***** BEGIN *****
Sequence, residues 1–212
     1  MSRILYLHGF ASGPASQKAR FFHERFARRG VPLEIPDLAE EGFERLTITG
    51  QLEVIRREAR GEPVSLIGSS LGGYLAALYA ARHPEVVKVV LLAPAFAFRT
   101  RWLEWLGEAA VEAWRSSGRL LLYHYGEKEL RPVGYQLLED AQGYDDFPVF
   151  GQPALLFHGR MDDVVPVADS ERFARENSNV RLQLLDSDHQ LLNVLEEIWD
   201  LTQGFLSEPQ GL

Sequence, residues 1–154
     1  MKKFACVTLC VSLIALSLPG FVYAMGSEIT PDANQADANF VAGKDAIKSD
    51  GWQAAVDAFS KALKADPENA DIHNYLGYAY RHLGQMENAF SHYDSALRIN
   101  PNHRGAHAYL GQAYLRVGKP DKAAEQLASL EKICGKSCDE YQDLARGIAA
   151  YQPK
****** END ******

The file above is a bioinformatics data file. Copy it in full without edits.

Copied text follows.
Sequence, residues 1–212
     1  MSRILYLHGF ASGPASQKAR FFHERFARRG VPLEIPDLAE EGFERLTITG
    51  QLEVIRREAR GEPVSLIGSS LGGYLAALYA ARHPEVVKVV LLAPAFAFRT
   101  RWLEWLGEAA VEAWRSSGRL LLYHYGEKEL RPVGYQLLED AQGYDDFPVF
   151  GQPALLFHGR MDDVVPVADS ERFARENSNV RLQLLDSDHQ LLNVLEEIWD
   201  LTQGFLSEPQ GL

Sequence, residues 1–154
     1  MKKFACVTLC VSLIALSLPG FVYAMGSEIT PDANQADANF VAGKDAIKSD
    51  GWQAAVDAFS KALKADPENA DIHNYLGYAY RHLGQMENAF SHYDSALRIN
   101  PNHRGAHAYL GQAYLRVGKP DKAAEQLASL EKICGKSCDE YQDLARGIAA
   151  YQPK